Maggie’s Apartment review - page 2

Maggie’s Apartment review
Maggie’s Apartment review
The Good:
  • Hand-painted graphics are unique
  • Story initially appears lighthearted but gives way to an exploration of mature themes
  • Bizarre characters spice up occasionally comical dialogue
  • Casual approach to the puzzles keeps the focus on the story and characters
The Bad:
  • Some puzzles have vague solutions
  • Possible to miss out on optional funny dialogue due to branching conversations
  • Easy gameplay may disappoint experienced gamers and those looking for a challenge
Our Verdict:

The surreal presentation may draw a lot of the attention, but Maggie’s Apartment proves equal parts strange, artistic, and entertaining as you slowly peel back the quirky layers of a mystery that proves deceptively deep.

With one spoiler-ific exception near the end of the game, puzzles are item-based and include such tasks as retrieving beer for another character from a fridge in your apartment, and making a long pole to grab an object through a hole in the floor. Most are not difficult, but some solutions are vague. A couple of times I was stumped while figuring out what to do next. Luckily, the tried-and-true “click everything” approach, coupled with some thought about what I was supposed to achieve, pushed me through these mild tough spots. There is no hint system or hotspot highlighter, but even the latter is of no particular concern since it’s clear most of the time what you can and can’t click on, while at plot-appropriate moments a few characters can be asked what it is you are supposed to be doing if you need a reminder. Those more interested in the story and characters will likely find this relaxed approach a welcome change of pace from the obtuse brain-teasers that traditional point-and-click adventures are known for. I certainly appreciated the ability to focus on the plot development, even if I would have enjoyed a steeper challenge.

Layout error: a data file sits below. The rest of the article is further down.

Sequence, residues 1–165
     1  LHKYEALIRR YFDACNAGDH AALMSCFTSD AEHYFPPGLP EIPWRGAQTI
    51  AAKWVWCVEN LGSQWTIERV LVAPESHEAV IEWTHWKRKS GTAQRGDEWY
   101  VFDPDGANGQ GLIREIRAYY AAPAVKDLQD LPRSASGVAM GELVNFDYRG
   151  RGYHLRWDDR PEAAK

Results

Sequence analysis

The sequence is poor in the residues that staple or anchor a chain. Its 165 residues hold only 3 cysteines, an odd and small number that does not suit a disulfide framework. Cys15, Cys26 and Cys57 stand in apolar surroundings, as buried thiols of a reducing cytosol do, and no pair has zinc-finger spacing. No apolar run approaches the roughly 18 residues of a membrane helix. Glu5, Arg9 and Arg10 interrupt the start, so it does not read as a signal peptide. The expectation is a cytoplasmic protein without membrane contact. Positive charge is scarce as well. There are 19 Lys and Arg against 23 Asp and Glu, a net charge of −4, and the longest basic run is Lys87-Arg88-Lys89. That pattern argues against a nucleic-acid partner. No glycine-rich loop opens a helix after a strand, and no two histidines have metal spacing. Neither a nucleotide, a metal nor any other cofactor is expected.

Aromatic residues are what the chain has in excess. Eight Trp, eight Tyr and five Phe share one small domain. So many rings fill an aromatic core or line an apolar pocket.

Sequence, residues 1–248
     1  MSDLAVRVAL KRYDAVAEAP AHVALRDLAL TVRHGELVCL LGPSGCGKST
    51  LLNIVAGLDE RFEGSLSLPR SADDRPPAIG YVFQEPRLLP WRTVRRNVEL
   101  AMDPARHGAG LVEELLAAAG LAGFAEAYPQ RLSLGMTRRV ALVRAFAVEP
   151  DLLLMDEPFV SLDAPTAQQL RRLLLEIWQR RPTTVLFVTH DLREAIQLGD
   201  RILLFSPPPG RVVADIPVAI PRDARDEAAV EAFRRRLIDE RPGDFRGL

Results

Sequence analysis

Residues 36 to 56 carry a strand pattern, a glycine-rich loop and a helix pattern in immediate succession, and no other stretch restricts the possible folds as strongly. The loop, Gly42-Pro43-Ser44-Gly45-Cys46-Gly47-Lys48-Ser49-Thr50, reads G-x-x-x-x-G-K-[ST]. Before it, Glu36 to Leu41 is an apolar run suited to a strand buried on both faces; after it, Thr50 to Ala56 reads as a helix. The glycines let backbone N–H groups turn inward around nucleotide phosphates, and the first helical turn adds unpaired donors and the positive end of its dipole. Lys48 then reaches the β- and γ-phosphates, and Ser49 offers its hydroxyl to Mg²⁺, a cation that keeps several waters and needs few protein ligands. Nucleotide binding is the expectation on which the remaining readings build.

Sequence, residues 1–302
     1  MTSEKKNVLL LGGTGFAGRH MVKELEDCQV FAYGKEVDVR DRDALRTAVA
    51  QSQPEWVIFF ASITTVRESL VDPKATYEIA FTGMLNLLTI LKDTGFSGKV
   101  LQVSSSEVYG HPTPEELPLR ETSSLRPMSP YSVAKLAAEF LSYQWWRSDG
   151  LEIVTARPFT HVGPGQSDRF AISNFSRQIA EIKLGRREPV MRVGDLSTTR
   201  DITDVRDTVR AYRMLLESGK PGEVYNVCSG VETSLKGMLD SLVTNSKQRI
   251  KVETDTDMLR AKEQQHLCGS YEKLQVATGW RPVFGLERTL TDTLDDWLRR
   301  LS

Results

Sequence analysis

From the moment you boot up the game, the hand-drawn graphics of Maggie’s Apartment impress, even if the art style itself won’t be to everyone’s taste. Anatola Howard’s illustration style is highly distinctive, with a flowing, distorted look that is almost surreal in its effect. This is especially evident with regards to the characters. One notable example is the policeman Rascal (pronounced rass-CAWL), whose bulging gut and tentacle-shaped arms and legs make him resemble an octopus more than an officer of the law. The bright pastels that make characters such as the lanky Randy Rosebud and various items around the apartment visually “pop” are balanced out by earth tones, ensuring that neither boring nor garish coloring dominates.

Animations have also been created by hand, and the attention to detail is notable. Actions are accompanied by their own animations, so that clicking on a drawer to look inside it has a vastly different result than clamoring up onto a couch to peer out a window, which is altogether unique from, say, Maggie pressing her face against a wall to talk to the computer whiz-kid next door. It’s a subtle technique, sure, but it really sets Maggie’s Apartment apart (no pun intended) from other titles where stock animations are the order of the day.